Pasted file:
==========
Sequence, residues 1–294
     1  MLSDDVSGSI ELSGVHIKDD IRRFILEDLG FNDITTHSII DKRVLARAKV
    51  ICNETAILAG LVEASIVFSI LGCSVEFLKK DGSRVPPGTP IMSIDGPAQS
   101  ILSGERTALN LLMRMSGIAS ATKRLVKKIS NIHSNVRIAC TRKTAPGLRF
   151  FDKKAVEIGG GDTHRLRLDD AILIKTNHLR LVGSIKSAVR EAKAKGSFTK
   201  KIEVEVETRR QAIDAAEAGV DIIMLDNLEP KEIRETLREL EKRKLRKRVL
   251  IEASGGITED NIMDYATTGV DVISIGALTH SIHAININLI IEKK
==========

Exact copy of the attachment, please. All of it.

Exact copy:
Sequence, residues 1–294
     1  MLSDDVSGSI ELSGVHIKDD IRRFILEDLG FNDITTHSII DKRVLARAKV
    51  ICNETAILAG LVEASIVFSI LGCSVEFLKK DGSRVPPGTP IMSIDGPAQS
   101  ILSGERTALN LLMRMSGIAS ATKRLVKKIS NIHSNVRIAC TRKTAPGLRF
   151  FDKKAVEIGG GDTHRLRLDD AILIKTNHLR LVGSIKSAVR EAKAKGSFTK
   201  KIEVEVETRR QAIDAAEAGV DIIMLDNLEP KEIRETLREL EKRKLRKRVL
   251  IEASGGITED NIMDYATTGV DVISIGALTH SIHAININLI IEKK